Why can’t government use its power to force equality?
What are some real problems with Marxism’s idealistic theories?
Does Capitalism really exploit the weak?
This video is a great short lesson in answering these questions:
Bob And His Apples
How can saving money be the same as spending it? What? Do you think the banker just hides your savings in a big vault until you want it back? In a normal and healthy economy your money would be put to use doing things like building stuff, or digging and exploring for new resources, or all sorts of things like that. It would in fact be working just as if you had spent it. What you are putting in the bank, you see, represents value: which is your work. But rather than consume the fruits of your labor right away, you forego that satisfaction and save. This means that the currency that represents something of value, your labor, is used for other enterprises. Those other enterprises involve profits, of which you get a little, (interest) the banker gets a little, (interest) and the one who borrowed it gets a little. (profit)
Don’t be an economic moron. Take the time to watch this short video to understand how we are all much better off with a true banking system, and not just a spigot with a money printer at the other end.
Hat tip: Austrian Economics Addict
When a person buys a loaf of bread he probably has no idea how the price of that bread came to be. He notices when it is different from last week. Some may have a vague idea that it is being impacted by inflation, whatever that is. Yet prices, and how they are set, are central to economics.
While it wouldn’t make economic sense to drive around comparing bread prices to save 2 cents, it would make sense on something that saved, say, hundreds of dollars. And, as one might suspect, people do generally drive around looking for the best deal on a new car. Consequently, the lowest priced dealership sells more cars.
We experience the same thing as sellers. We must offer what we are selling for a competitive price or no one will buy it. However, most don’t see themselves as sellers even though that is exactly what’s happening when someone’s looking for a job. He is offering to sell his back or brains. That’s also why someone who can do brain surgery is able to sell his services for much more than someone who can cut your grass. If brain surgery knowledge and skill were as easy to come by as lawn mowing knowledge and skill, why you could probably have that tumor removed for 30 bucks.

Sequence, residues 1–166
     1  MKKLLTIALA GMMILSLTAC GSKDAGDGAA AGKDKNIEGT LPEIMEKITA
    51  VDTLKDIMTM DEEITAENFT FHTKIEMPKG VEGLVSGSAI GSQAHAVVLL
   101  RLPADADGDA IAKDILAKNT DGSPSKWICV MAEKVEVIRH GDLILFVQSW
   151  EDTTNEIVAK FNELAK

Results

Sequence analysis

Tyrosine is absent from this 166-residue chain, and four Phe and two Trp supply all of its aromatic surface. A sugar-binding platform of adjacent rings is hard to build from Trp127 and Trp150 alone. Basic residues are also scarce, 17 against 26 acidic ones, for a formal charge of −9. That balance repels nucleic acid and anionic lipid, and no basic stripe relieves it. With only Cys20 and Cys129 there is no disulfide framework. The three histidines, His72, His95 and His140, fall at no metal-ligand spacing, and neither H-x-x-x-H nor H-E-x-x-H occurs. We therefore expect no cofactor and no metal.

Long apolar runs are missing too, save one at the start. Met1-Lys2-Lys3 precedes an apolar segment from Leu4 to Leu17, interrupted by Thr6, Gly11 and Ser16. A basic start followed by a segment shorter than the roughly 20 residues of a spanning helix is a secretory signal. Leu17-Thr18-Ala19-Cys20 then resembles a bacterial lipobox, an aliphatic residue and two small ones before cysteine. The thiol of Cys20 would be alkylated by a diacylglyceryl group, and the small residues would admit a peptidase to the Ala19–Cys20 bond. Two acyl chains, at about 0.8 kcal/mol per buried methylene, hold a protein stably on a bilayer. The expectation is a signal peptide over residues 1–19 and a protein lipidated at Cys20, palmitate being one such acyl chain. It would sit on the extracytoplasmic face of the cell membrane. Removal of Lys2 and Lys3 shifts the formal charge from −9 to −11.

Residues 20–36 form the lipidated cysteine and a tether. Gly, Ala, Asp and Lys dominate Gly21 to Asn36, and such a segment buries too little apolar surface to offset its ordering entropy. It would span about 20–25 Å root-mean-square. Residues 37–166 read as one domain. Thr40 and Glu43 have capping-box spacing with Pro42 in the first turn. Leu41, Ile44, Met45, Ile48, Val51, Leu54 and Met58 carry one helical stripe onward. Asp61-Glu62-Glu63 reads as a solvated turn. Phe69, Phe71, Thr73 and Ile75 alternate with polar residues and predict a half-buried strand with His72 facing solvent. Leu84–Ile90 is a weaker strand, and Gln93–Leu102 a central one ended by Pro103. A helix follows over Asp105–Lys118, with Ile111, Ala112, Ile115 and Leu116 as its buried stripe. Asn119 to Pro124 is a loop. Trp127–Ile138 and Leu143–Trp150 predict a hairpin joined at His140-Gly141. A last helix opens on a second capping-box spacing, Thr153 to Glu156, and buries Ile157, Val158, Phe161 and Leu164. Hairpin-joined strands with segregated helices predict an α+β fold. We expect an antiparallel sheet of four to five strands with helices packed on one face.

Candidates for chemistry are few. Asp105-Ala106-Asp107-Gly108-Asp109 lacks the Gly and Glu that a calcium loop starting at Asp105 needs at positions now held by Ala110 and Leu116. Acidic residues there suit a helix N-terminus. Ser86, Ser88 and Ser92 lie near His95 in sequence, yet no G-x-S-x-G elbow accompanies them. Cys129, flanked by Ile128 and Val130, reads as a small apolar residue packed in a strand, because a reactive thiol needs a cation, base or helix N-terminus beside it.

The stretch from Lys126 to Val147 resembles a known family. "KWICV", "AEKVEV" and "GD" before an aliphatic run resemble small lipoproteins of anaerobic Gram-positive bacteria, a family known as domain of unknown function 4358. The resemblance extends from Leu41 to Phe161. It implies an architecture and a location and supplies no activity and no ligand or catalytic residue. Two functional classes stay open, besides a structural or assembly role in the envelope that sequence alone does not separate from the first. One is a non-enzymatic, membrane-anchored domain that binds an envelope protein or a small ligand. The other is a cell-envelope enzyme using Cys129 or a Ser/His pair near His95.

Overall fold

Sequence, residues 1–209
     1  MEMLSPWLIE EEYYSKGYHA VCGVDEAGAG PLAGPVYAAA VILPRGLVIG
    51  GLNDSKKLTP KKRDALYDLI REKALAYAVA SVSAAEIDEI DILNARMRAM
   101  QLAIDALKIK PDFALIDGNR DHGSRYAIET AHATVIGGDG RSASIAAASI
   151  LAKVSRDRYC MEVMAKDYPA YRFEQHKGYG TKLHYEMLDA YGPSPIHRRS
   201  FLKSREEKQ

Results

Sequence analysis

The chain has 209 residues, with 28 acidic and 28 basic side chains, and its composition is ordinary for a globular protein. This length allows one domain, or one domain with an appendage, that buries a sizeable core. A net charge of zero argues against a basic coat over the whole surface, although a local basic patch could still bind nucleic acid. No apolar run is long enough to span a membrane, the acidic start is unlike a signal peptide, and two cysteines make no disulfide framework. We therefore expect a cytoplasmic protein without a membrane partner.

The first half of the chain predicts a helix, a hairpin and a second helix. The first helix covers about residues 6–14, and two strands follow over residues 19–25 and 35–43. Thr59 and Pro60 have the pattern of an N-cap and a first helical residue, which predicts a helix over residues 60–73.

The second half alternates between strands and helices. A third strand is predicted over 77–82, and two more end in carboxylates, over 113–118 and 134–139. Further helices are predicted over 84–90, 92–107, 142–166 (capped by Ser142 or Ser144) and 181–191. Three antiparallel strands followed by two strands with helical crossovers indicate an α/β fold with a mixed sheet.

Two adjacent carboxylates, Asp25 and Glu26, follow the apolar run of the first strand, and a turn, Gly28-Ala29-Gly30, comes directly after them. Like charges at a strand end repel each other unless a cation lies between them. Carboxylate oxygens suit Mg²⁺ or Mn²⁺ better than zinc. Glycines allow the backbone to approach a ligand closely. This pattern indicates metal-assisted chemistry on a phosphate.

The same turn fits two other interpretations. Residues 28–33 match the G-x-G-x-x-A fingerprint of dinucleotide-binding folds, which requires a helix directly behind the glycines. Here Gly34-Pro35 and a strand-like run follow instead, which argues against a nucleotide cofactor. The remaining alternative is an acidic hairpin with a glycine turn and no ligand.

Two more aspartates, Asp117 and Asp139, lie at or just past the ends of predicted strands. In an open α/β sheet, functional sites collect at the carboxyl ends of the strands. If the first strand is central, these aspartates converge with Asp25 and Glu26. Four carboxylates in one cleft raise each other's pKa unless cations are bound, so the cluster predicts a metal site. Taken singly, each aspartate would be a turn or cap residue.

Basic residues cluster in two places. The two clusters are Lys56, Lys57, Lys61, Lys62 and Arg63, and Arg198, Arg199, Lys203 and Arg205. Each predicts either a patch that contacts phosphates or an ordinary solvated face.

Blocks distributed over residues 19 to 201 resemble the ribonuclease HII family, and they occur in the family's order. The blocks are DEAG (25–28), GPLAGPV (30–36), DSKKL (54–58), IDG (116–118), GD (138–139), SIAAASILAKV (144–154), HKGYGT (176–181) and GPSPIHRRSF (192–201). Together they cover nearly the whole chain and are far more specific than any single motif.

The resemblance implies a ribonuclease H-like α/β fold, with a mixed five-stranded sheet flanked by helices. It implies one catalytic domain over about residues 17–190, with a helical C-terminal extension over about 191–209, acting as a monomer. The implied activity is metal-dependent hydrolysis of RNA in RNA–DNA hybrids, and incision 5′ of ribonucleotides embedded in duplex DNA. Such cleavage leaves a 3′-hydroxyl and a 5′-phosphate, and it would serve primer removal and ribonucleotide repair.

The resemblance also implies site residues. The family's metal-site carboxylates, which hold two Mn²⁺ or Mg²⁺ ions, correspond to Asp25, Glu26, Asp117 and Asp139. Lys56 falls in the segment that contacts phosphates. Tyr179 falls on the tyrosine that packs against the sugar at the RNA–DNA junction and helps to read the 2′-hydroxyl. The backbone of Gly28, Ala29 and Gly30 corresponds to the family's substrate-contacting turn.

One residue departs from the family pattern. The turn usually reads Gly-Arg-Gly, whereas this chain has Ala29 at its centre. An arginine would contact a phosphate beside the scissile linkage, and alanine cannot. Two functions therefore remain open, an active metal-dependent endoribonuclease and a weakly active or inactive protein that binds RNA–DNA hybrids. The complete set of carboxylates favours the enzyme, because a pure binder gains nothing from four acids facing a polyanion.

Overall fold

But what if a politician sets prices on bread, cars and brain surgery? What would he set them at? How would he be able to know the intricate and myriad details of availability, want, and how his price will affect both? The answer is that he can’t. But that won’t stop him from trying because he’s a politician, and as such he’s selling you something in his own right, which is a line. It’s much easier to legislate the illusion of wealth than it is to create it, and sadly, man never tires of buying the line that such can be done.
The last half-century has been marked by a shift in the meaning of the word morality in Western Civilizations. It has been slowly transitioning from an objective to a subjectively based word. What is considered to be good and evil has increasingly become dependent on one’s on opinion and less on objective and absolute standards. One may now feel justified in defaulting on a contract simply because, in his judgement, the other person or entity is rich and doesn’t really need the money. This mindset, when predominate, does not foster a robust economy.
Consequently, this shift has increasingly hindered economic activity over time because economics is based on millions of transactions. Contracts are signed. Trust is placed in others. It is agreed that if you do this then I will do that. As trust erodes so does the ability for the life-blood of an economy, commerce, to happen freely. Rather contracts are broken, defaults abound and lawyers celebrate. In the end, the economy suffers, and so do the people.
Unfortunately for society, the drag that immorality places on commerce doesn’t stop with the individual participant. The immorality of corruption leaches upward from an immoral society into the governing authorities. This also impedes an economy as unreasonable demands are made on the participants in commerce by those authorities. Resources are then squandered on excessive taxation, bribes, excessive regulation and delays.
This adds up to the siphoning of resources which would have otherwise led to higher standards of living for the population. If you’ve ever wondered why the people of some nations struggle to eat while living their lives on ground that is abounding with resources, one need to look no further than endemic corruption.
So what does morality have to do with economics? In a word, everything.
Government accomplishes more by tax rates than filling it’s coffers, which is kind of funny these days when you think about it because the government coffer is brimming over with I.O.U’s.